Two films with Biblical storylines are going to be released in the next few weeks. One of them, Son of God, is already selling out midnight screenings for its late February premiere date to church groups. The other, Noah, was re-cut half a dozen times by producers — apparently unsuccessfully — to try and win over Christian movie-going audiences, according to director Darren Aronofsky. This year is actually a crowded one for Bible-based story lines. Some are Christian films, some are not. And apparently, that's sometimes tough for the studios backing them to untangle how to sell them. 

The first two so-called Bible films of the year have very different backgrounds and intents. Son of God is produced by Mark Burnett and Roma Downey, who also made The History Channel's Bible miniseries. The pair are capitalizing on the commercial success of that miniseries by releasing the mix of re-purposed and new footage from The Bible as a film. And they're also Christians, making a Christian movie. On the other hand, Noah is not an explicitly Christian film, although it has its basis in a well-known biblical story, to which it remains rather faithful. Aronofsky, it should be noted, did not make Noah to glorify God, or to promote religious belief. He was understandably opposed to his studio's efforts to repackage the film in the editing booth for a conservative Christian audience. 

But Son of God is above all evangelical. Burnett and Downey want it to reaffirm faith for Christians, and trigger faith in the non-believers who see it. They want it to spread like the Word, as if St. Paul himself was carrying it to Rome. As is pretty common whenever a Christian-friendly film comes out, its promoters discuss the work as a "rare" opportunity for an "under-served" audience (i.e. American Evangelical Christians) to experience a faith-based blockbuster. Churches get calls to action, to send a message to Hollywood with ticket sales: buy out the theater, and the secular powers that be will learn that Christian films are good business. Burnett and Downey are even mythologizing their work's power on the marketing trail, sharing a story of an unnamed "non-Christian" reporter who saw the movie and became more "open to investigating Jesus." It may or may not be true, but man, is it a great story. Burnett's film might, just might, convert the "enemy" — the secular media. 

The pew-to-stadium seat strategy is a good one to encourage more overtly Christian content, but its not always successful. 2011's Warrior, a non-Biblical but very much faith-based film about mixed marital arts, didn't do well commercially despite widespread critical acclaim and well-received advance screenings with church leaders. But Son of God seems to have most of the God-based industrial complex behind it: as the Hollywood Reporter noted, the pair previewed the film at the National Prayer Breakfast and have the backing of influential celebrity pastors like Rick Warren. In a statement to THR, Warren said:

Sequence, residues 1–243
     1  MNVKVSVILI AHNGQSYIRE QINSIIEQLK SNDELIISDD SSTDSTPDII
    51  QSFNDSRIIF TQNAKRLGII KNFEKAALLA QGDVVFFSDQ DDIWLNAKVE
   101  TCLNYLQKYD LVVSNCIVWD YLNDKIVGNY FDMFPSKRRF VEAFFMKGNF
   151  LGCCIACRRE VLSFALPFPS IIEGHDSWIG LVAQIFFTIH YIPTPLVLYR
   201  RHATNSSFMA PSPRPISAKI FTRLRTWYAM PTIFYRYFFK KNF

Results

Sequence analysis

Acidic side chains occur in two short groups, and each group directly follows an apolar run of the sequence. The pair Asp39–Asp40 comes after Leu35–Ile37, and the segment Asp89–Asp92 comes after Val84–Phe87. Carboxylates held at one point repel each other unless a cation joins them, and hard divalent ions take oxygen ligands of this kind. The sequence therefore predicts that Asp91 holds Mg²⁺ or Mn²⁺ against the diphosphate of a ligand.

We’re excited Jesus is back on the big screen, and we’re going to fill the theaters. I want every other faith leader in America to do the same. Whether you can buy out a whole theater, or just one screen, now is the time to show up. This is a rare opportunity to bring the story of Christ into our mainstream culture. We want to see Jesus in movie theaters where sight and sound can open up our senses and let grace come in. 

In other words, the backers of Son of God are hoping for its own Passion of the Christ moment. The 2004 Mel Gibson film was a huge commercial success, grossing over $600 million, despite mixed reviews from critics and very understandable concerns over the portrayal of Jewish people in the film. Son of God has even made an attempt to remove its own potential controversy from its big screen version. The producers cut out scenes with the Devil when re-formatting their miniseries for the big screen. That's because, in part, the actor who played the devil bore (for some) a striking resemblance to the current president. 

The narrative some Christians would like to see here is this: Son of God becomes the next Passion of the Christ, and the non-Godly Noah flops. According to the Hollywood Reporter , some Christian audiences at test screenings were upset by how dark the Darren Aronofsky-directed, Russell Crowe starring Biblical disaster film was, and also by its apparent unfaithfulness to the biblical story. But Noah has celebrity Christian backers of its own, including the pastors at the Hillsong megachurch. Plus, for many Christians, the story of Noah will be exactly the sort of messy Biblical tale from which it's okay to take as inspiration.

The most controversial scene among Christians speaking out against the film seems to be the one in which Noah gets drunk and sad. But Genesis (the book, not the band) fans will know that this is also a scene in the Bible. Soon after finding land in his ark, Noah gets absolutely blitzed. So having a drunk, imperfect Noah on the big screen should be uncontroversial — it's part of the story. To not depict it would miss an important, very Old Testament message about the brutality of human imperfection.

Now that Aronofsky has won his battle with the studios to show his own cut of the film, and not the one studios think will appeal to Christians, it looks like the director's Bible film "for everyone" will remain just that. And besides, the wider marketing effort for the big-budget epic is hardly focused on its Biblical integrity. Its a classic tale of star power and special effects: